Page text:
Illustration: Sarah Grillo/Axios

Hundreds of Amazon workers are pushing the company to adopt tougher policies to reduce carbon emissions and fight climate change.

Why it matters: The employees are putting their names to their comments, posted on Medium, and the move defies Amazon's corporate policy.

The big picture: Employee activism at tech companies is on the rise, both at companies known for openness, like Google, as well as at companies that don't have a long tradition of worker action, like Amazon.

  • Many of the workers are calling on Amazon’s AWS unit to stop doing business with oil and gas companies. Increasingly those concerned with climate change have been pressuring not only oil and gas companies but those companies’ partners and suppliers.
  • Microsoft, for example, was praised for its announcement earlier this month that it was working to become carbon negative, but critics pointed out that its Azure Web Services unit was still doing business with oil and gas companies.

What they're saying:

  • Michael Sokolov, Amazon principal engineer: "Expecting its employees to maintain silence on these issues, and Amazon’s impact on them, is really a reprehensible overreach, and I am proud to take this opportunity to demonstrate my unwillingness to comply."
  • Amelia Graham-McCann, Amazon senior business analyst: “The science on climate change is clear. It is unconscionable for Amazon to continue helping the oil and gas industry extract fossil fuels while trying to silence employees who speak out.”
  • Jacob Hinton, Amazon software engineer: "Contributing to climate change, supporting ICE, and brutal labor conditions in the warehouses are great for the bottom line but awful for society."

Amazon's response, from a company spokesperson: "We founded the Climate Pledge, committing to net zero carbon by 2040, which is 10 years ahead of the Paris Agreement. We plan to be using 100% renewable energy by 2030, and we have thousands of people working on sustainability initiatives across the company."

What's next: Amazon says, "We do enforce our external communications policy and will not allow employees to publicly disparage or misrepresent the company or the hard work of their colleagues who are developing solutions to these hard problems.”

Go deeper

Treasury blames lenders for PPP disclosure debacle

Illustration: Aïda Amer/Axios

The U.S. Treasury Department is pointing the finger at lenders for errors discovered in Monday's PPP data disclosure.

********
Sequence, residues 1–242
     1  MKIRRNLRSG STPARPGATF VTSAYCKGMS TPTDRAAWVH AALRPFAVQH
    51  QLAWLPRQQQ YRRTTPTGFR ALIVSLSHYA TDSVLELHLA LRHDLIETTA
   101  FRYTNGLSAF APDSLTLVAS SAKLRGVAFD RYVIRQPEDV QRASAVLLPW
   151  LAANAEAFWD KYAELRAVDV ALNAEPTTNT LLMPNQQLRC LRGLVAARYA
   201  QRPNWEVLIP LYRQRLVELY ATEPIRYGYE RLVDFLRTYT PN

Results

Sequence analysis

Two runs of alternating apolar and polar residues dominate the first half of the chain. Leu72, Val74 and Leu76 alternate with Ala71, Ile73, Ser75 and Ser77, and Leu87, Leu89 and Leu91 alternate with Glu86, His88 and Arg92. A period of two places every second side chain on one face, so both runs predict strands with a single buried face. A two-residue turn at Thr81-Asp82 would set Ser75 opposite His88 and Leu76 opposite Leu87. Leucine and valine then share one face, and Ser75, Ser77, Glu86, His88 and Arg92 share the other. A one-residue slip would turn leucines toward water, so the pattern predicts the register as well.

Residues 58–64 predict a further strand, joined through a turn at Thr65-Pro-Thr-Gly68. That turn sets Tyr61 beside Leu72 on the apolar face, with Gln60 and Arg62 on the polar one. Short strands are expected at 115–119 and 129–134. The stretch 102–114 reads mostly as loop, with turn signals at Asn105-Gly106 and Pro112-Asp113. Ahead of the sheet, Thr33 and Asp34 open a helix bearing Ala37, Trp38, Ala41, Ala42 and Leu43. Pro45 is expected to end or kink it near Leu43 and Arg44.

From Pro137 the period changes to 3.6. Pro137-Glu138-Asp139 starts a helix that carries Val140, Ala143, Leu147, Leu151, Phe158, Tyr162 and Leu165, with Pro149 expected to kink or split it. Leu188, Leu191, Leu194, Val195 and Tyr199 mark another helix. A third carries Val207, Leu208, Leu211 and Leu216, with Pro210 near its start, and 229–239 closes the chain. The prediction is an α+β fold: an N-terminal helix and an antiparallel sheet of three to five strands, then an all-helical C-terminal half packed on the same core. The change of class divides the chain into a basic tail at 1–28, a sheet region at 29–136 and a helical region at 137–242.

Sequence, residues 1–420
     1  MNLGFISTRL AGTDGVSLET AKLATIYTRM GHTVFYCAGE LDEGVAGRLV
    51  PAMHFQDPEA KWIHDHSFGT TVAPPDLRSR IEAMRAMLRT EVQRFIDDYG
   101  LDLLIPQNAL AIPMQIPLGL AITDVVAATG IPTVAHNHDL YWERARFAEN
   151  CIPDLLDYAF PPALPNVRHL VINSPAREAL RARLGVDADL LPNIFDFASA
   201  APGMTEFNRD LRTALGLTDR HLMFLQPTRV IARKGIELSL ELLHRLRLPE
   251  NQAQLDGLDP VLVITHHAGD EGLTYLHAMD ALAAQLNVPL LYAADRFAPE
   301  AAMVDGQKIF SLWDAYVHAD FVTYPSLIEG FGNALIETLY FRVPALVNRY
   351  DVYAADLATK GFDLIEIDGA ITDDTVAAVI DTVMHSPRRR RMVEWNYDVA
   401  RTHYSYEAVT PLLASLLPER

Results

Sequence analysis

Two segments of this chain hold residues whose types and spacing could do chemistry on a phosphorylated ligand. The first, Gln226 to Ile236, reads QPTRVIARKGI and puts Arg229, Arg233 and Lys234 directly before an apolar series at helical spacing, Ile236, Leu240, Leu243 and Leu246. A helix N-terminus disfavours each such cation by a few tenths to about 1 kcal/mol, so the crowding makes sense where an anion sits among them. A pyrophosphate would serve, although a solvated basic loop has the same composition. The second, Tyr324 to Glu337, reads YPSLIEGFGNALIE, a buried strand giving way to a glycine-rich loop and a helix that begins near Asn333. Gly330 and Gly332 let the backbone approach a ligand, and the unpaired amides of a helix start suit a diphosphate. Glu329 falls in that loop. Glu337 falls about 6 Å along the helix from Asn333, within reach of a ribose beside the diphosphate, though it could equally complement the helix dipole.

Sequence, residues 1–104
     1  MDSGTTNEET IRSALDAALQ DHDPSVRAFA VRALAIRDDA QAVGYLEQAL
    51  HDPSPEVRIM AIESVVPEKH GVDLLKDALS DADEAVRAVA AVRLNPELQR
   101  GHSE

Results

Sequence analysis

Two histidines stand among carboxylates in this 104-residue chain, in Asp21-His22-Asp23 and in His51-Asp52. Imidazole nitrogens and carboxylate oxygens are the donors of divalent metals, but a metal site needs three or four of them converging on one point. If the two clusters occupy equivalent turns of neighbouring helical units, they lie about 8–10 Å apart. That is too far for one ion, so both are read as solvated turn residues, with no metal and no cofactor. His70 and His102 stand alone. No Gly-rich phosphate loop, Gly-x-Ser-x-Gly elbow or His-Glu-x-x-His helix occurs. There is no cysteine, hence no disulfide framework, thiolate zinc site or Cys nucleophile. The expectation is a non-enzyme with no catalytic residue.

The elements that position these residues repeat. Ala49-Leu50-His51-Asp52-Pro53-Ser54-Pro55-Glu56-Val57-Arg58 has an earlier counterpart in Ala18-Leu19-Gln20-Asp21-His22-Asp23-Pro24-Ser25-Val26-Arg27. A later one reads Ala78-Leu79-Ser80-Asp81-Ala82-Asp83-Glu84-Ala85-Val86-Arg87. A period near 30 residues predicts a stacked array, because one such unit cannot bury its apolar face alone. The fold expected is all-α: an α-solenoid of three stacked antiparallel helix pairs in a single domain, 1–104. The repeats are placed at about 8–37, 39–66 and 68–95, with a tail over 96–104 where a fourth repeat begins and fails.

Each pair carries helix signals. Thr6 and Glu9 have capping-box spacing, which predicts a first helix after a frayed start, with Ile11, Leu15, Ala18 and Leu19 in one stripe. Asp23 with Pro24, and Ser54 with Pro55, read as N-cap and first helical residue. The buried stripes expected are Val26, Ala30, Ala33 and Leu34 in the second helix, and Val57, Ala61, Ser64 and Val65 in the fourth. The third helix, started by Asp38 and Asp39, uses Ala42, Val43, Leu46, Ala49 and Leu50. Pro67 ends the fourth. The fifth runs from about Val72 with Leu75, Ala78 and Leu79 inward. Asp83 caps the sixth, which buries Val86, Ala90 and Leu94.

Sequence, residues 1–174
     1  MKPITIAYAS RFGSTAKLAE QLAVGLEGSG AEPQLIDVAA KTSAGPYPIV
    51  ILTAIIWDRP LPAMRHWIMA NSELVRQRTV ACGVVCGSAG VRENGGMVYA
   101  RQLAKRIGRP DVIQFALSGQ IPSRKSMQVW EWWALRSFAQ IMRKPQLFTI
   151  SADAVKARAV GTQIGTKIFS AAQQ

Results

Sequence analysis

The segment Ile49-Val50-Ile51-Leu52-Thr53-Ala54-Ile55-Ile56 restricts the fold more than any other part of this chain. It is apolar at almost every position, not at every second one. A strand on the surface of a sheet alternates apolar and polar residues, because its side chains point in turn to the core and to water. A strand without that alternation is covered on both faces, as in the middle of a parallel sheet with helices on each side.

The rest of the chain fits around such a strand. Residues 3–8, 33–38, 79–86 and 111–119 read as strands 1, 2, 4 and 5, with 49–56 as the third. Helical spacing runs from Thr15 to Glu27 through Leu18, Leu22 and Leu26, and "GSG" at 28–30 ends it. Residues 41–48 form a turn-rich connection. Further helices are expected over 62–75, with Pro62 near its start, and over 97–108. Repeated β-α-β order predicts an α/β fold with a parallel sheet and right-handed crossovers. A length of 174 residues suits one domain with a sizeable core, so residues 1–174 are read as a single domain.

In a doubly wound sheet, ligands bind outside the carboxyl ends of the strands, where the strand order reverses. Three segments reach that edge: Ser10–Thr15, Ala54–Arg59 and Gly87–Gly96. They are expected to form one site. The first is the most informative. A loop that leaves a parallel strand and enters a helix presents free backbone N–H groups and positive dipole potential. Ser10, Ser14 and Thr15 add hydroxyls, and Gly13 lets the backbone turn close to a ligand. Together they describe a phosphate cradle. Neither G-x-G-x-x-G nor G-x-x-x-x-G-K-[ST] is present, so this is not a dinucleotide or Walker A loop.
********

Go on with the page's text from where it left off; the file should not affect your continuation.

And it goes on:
What they're saying: "Companies listed had their PPP applications entered into SBA’s Electronic Transmission (ETran) system by an approved PPP lender. If a lender did not cancel the loan in the ETran system, the loan is listed," a senior administration official said.

Updated 15 mins ago - Politics & Policy

Coronavirus dashboard

Illustration: Eniola Odetunde/Axios

  1. Global: Total confirmed cases as of 10:30 a.m. ET: 11,863,477 — Total deaths: 544,949 — Total recoveries — 6,483,402Map.
  2. U.S.: Total confirmed cases as of 10:30 a.m. ET: 2,996,679 — Total deaths: 131,486 — Total recoveries: 936,476 — Total tested: 36,878,106Map.
  3. Public health: Deaths are rising in hotspots — Déjà vu sets in as testing issues rise and PPE dwindles.
  4. Travel: How the pandemic changed mobility habits, by state.
  5. Education: Harvard and MIT sue Trump administration over rule barring foreign students from online classes.
  6. 🎧 Podcast: A misinformation "infodemic" is here.
Updated 31 mins ago - Politics & Policy

Harvard and MIT sue Trump administration over rule barring foreign students from online classes

A Harvard Law School graduate on campus before attending an online graduation ceremony on May 28. Photo: Craig F. Walker/The Boston Globe via Getty Images

Harvard and MIT on Wednesday filed a lawsuit against the Department of Homeland Security to block federal guidance that would largely bar foreign college students from taking classes if their universities move classes entirely online in the fall.

The big picture: Colleges, which often rely heavily on tuition from international students, face a unique challenge to safely get students back to class during the coronavirus pandemic. Some elite institutions, like Harvard, have already made the decision to go virtual.